"Anecdotally", it adds, "Mind often hears from those working within the music industry how factors such as insecure income, difficulty achieving a work/life balance, pressure from fans and labels, poor diet, lack of sleep and access to alcohol and drugs can all take their toll on wellbeing and mental health".

Launching the resources, Mind's Emma Mamo says: "We know that working in the music industry can be very rewarding and offers many opportunities. However, it comes with a unique set of challenges, including irregular hours, financial insecurity and high pressure - all of which may have an effect on people's mental health and wellbeing. Coronavirus restrictions, Brexit, and fluctuating income have only made existing problems in the industry worse, so it's important that people across the industry can access vital support if and when needed".

"For too long mental health problems and other related issues like alcohol and substance use within the music industry have been neglected and even normalised", she goes on. "Mind's new resource has been created with contributors from every corner of the music business to make sure the information is as useful and relevant as possible to anyone working within the industry, including artists, DJs, organisers, promoters, creative freelancers and other employees. We're grateful for their support and dedication in helping to make sure no one across the industry faces a mental health problem alone".

Confirming Ninja Tune's involvement in this project, the label's Kyra Santiago adds: "No two days are ever the same in the music industry. With such a huge diversity of roles, responsibilities and relationships, everyone's wellbeing can be affected in so many different ways. This last year has definitely been a challenge to say the least, and we know we're not alone in saying that. As a label, we had to quickly adapt our ways of working when the pandemic hit. We're incredibly grateful to Mind, our partners and everyone who has contributed to the creation of these guides to make them happen and we hope that they provide support to anyone and everyone who needs it".

Alongside the new online resources Mind is also staging a panel discussion on 15 Jun with Joe Hastings from Help Musicians, and Sally Anne Gross and Dr George Musgrave from the University of Westminster, who co-authored the report 'Can Music Make You Sick? Music And Depression'.

You can access the new resources here.


Great Escape Conference - kicks off tomorrow, access the platform now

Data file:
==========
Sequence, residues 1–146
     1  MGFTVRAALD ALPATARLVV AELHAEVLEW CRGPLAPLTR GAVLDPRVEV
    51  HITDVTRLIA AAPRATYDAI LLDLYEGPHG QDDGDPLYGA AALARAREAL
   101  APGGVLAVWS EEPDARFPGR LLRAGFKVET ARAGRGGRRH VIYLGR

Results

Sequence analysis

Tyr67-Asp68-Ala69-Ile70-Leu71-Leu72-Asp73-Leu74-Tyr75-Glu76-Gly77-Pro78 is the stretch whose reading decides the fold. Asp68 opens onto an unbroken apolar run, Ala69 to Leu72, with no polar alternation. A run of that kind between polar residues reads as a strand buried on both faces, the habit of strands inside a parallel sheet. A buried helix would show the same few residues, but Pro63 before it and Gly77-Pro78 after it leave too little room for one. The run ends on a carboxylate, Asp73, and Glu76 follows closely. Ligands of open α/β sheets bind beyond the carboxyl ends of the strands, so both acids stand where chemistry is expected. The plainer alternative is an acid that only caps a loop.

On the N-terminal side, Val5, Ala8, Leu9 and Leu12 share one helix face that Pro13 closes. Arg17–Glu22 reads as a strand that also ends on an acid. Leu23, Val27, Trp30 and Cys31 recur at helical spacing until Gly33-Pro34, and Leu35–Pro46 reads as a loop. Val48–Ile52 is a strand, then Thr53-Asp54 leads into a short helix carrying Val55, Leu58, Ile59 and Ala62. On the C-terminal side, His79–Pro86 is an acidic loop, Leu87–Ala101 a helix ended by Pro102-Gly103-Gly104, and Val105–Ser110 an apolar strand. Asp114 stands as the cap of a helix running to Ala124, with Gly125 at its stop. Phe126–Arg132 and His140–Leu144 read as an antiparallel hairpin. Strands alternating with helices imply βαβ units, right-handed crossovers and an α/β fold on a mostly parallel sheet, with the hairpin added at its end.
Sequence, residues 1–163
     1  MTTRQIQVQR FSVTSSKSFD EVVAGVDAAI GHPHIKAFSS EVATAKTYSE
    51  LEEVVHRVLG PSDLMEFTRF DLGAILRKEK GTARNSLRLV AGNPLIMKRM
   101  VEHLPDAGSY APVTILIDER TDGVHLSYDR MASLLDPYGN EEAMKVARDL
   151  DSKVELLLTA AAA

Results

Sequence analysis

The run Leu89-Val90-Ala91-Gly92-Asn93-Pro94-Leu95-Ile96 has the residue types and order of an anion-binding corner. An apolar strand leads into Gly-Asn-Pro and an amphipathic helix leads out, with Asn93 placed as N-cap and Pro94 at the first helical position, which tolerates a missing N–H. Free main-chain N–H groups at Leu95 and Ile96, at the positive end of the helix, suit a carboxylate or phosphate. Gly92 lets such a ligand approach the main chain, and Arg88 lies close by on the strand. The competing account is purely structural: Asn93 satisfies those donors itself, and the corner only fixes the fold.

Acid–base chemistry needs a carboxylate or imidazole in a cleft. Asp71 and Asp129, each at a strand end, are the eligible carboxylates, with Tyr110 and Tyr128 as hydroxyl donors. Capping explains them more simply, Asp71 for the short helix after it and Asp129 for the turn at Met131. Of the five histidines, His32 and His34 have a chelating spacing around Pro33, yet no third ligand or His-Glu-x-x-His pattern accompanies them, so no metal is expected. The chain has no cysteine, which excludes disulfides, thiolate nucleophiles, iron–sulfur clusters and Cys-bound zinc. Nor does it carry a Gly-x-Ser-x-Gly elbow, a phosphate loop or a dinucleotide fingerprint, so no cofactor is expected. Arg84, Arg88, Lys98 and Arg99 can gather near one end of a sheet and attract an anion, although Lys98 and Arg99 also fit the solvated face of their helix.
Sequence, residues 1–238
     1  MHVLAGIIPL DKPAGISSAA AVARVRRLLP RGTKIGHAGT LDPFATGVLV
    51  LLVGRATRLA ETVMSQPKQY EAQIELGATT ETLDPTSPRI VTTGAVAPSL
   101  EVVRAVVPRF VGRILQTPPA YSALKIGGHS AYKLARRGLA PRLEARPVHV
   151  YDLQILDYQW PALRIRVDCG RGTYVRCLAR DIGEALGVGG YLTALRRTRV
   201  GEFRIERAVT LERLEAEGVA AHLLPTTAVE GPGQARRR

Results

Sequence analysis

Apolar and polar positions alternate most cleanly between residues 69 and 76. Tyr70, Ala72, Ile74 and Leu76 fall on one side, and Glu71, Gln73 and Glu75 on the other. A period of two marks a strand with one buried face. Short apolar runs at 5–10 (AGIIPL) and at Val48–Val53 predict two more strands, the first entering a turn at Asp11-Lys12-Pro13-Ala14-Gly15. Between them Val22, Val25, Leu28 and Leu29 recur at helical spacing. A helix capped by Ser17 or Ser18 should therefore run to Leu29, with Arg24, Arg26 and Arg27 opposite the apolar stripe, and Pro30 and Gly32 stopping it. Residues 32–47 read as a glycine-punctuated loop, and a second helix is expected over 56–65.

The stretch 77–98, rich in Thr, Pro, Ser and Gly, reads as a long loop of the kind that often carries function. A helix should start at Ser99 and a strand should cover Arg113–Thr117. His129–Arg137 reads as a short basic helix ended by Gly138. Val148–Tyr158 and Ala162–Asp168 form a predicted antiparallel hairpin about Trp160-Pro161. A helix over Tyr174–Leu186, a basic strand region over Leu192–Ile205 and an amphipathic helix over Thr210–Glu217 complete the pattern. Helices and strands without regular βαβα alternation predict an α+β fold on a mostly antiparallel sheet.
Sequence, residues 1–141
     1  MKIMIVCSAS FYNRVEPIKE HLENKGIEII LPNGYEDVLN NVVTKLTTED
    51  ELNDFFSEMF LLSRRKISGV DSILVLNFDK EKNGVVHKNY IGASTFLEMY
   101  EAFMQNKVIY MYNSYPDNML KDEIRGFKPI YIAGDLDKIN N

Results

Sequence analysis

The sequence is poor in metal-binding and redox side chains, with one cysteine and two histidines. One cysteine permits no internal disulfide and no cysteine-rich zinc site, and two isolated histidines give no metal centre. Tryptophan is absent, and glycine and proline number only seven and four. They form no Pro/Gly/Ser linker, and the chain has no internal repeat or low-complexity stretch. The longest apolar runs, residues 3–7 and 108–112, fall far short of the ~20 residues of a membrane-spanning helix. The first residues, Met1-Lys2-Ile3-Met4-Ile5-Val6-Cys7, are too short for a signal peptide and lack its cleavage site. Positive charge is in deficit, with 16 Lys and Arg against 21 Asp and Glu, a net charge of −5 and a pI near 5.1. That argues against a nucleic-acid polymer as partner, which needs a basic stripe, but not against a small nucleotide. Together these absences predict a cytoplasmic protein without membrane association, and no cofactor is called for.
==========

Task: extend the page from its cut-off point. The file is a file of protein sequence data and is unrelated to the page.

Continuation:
It's Great Escape week - with the online edition of TGE taking place tomorrow and Friday - although delegates can access the TGE Conference platform right now to plan their schedules and get networking.

Alongside the in-conversations, the webinars and the partner panels taking place as part of the online TGE Conference this year, CMU is presenting three strands of sessions...

FUTURE MUSIC TALENT will look at how music educators and the music industry can better support entrepreneurial early-career music-makers, how COVID has impacted on the fanbase building process for DIY phase artists, and why it's more important than ever to educate the creative community about copyright and data.

Sessions include...
- What The Fanbase Building Process Involves In 2021
- Learning By Doing - Young Guns Artist Campaign Team
- Everything An Aspiring Artist Needs To Know - And How To Teach It
- Continued Professional Development In The Music Business
- Explaining Music Copyright (bonus on-demand panel!)

FUTURE MUSIC STRATEGIES - supported by BPI - will consider the latest trends in streaming, fanbase building and the direct-to-fan relationship, and investigate what the touring and festival markets will look like in the post-COVID, post-Brexit world. What technologies, data, influencers, partnerships and strategies will be essential for success in the years ahead?

Sessions include...
- Maximising The Power Of Fan Data
- The Future Of Festivals, Ticketing And Touring
- Getting Rights Data Right
- Influencing The Influencers
- The Diversifying Digital Market (bonus on-demand panel!)

FUTURE MUSIC WORLD will investigate and celebrate initiatives that are making the music community more diverse, more healthy and more connected, and consider the challenges and opportunities music-makers and other creators face in the globalised digital world we live in today.

Sessions include...
- How To Make Diversity Initiatives That Truly Deliver
- Building A Healthier Music Industry
- Has The Digital Revolution Liberated Or Locked Out Music-Makers?
- Cancel Culture - Good, Bad Or Non-Existant?
- Connecting The Music World (bonus on-demand panel!)

When you log into the TGE Conference platform, click on Conference Schedule and then on each of the strand buttons to find out more and to add each session to your personal schedule. Or, to get going straight way, click on the On-Demand button to access the three bonus panels.

If you don't yet have a delegate pass to access all this, you can get one here.

Oasis to mark 25th anniversary of Knebworth shows with new documentary